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Title: Heads above the parapet : identity construction and enactment in midwifery leadership
Author: Divall, Bernie
ISNI:       0000 0004 5357 5780
Awarding Body: University of Warwick
Current Institution: University of Warwick
Date of Award: 2014
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Within the NHS, there has been endorsement of a central role for clinical leaders in the organisation, where clinical leadership is defined as leadership for clinicians, by clinicians. This is a reflection of recent attempts by the NHS to move from a hierarchical, command-and-control, transactional model of leadership, to one based on a transformational, distributed approach. Assumptions have been made that new models can be adopted within the organisation at clinical level, but literature has identified significant challenges in the introduction of a clinical leadership model. Notable is the long-standing divide between clinicians and managers, with clinicians tending to denigrate the role of managers in the organisation. In addition to this, leadership development has often been unstructured and post hoc in the NHS, but recent policy has suggested a new approach, where clinical leaders are offered timely and appropriate development. The question arises, how do clinicians make a transition to clinical leadership, and what factors influence the construction and enactment of a clinical leader identity? To address issues of identity construction in clinical leadership, I focus on the case of midwifery, where there has been a struggle to attain a distinctive professional identity within the NHS. The profession has been singled out for attention in recent reports, on the basis of concerns relating to the ageing workforce profile and the devastating impact of poor or ineffective leadership. I use an in-depth case study approach, incorporating observation of three midwifery-focused leadership development programmes, narrative interviews with nine midwifery leaders, and interaction with an online midwifery forum, in order to gain insight into the challenges facing midwives who make the transition to leadership roles in the NHS. Using role and social identity perspectives, I explore the complex interaction between individuals, professional group and wider organisational structures in clinical leadership identity construction and enactment. I challenge ideas of shared language and identity within the midwifery profession, demonstrating the destructive nature of conflict within the professional group, and I address the challenges faced by the profession in establishing a distinctive identity at the organisational level. Both of these issues are found to be important in the construction and enactment of a clinical leadership identity.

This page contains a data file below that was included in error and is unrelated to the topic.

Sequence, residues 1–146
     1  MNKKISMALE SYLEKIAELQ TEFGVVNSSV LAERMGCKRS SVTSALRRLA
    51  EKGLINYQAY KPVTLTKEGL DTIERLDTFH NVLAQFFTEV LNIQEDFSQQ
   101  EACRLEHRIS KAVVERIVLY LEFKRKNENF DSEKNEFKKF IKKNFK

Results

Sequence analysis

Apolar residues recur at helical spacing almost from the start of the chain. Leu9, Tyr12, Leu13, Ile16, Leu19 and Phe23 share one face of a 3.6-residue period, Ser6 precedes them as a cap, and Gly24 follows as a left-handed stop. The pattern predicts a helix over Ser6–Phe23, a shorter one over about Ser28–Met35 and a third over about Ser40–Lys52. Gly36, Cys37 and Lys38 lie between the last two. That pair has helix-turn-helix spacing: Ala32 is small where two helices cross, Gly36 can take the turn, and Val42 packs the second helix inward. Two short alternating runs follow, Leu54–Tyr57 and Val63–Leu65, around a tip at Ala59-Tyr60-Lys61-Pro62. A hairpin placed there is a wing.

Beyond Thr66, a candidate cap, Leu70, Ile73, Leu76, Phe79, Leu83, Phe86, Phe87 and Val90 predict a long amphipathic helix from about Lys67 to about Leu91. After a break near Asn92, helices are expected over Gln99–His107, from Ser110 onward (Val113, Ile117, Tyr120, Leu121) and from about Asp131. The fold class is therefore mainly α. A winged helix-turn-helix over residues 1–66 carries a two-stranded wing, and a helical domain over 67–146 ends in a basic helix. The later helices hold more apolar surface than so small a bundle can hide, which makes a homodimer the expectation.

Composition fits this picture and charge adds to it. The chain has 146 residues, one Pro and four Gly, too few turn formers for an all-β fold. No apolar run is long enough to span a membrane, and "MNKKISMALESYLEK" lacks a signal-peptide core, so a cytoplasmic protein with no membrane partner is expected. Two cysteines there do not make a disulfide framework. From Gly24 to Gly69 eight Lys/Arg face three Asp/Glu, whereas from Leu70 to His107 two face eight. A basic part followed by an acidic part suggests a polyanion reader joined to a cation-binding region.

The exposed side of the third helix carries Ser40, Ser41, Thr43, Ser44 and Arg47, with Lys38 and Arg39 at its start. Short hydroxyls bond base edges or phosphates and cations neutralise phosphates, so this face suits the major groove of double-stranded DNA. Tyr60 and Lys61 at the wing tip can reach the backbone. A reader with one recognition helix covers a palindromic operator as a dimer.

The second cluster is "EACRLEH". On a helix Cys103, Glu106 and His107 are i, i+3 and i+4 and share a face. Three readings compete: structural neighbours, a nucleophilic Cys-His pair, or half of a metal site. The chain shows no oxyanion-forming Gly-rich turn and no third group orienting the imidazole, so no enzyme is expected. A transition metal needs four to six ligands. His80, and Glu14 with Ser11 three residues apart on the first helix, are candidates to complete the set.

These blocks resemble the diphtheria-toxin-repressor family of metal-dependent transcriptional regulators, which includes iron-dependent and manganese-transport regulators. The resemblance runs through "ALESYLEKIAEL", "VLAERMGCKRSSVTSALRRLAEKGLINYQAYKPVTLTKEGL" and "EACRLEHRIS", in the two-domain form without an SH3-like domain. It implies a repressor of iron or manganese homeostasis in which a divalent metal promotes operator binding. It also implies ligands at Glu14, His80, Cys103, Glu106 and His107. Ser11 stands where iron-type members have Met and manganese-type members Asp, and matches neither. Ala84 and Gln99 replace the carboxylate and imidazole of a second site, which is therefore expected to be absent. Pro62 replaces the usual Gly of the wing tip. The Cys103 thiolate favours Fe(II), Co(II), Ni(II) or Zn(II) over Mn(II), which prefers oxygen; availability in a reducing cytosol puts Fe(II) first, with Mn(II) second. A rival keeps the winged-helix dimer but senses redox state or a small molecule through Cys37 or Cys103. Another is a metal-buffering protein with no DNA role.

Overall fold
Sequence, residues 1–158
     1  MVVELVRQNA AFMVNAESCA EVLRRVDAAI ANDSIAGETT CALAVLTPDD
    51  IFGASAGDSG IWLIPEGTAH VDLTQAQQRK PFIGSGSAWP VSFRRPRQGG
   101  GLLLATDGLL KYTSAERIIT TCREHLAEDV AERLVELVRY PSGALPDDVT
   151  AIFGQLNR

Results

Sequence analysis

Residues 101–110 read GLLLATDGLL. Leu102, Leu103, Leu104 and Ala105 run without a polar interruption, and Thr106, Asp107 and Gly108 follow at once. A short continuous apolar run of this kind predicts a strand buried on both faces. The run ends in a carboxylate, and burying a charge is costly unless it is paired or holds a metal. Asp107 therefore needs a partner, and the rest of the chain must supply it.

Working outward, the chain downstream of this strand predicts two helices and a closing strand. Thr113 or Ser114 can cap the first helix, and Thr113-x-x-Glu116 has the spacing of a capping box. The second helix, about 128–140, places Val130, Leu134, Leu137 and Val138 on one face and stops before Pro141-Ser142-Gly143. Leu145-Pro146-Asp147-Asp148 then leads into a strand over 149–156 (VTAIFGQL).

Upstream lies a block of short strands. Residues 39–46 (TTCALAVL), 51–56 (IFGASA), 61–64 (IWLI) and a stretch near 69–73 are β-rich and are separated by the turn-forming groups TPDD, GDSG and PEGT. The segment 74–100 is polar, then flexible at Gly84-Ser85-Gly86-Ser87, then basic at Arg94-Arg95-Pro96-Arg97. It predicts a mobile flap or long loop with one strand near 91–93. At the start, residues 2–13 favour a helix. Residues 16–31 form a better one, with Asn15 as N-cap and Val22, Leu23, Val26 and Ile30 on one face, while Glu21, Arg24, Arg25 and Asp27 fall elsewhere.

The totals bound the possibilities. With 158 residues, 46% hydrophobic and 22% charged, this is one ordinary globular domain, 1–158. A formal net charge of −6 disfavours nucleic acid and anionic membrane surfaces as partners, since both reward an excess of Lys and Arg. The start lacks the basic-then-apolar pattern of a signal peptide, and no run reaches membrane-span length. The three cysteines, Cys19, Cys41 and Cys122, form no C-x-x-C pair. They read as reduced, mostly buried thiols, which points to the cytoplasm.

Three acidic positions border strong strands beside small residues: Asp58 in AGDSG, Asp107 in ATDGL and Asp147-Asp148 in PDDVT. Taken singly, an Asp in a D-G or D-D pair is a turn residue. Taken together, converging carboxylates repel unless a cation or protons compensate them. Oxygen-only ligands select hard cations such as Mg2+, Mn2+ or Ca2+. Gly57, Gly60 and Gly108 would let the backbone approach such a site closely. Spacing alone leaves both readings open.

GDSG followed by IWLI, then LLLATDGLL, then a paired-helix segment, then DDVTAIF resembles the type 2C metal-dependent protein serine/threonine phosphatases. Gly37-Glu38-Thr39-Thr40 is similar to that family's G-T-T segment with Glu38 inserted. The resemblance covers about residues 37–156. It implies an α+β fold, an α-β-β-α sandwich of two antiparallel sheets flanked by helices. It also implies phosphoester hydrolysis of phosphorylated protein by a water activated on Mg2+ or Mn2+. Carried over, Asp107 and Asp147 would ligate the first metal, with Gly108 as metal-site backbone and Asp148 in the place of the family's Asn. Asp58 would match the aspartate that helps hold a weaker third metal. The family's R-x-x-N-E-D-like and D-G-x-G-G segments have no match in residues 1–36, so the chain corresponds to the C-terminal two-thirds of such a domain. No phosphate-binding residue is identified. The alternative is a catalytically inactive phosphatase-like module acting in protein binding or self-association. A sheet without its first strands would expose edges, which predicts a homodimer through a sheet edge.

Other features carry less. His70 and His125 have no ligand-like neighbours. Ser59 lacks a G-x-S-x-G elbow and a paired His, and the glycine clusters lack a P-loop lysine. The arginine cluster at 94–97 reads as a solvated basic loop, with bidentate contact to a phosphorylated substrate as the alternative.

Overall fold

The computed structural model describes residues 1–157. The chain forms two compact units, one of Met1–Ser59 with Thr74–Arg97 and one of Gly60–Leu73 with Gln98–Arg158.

Supervisor: Not available Sponsor: Economic and Social Research Council (Great Britain)
Qualification Name: Thesis (Ph.D.) Qualification Level: Doctoral
EThOS ID:  DOI: Not available
Keywords: HD28 Management. Industrial Management ; RG Gynecology and obstetrics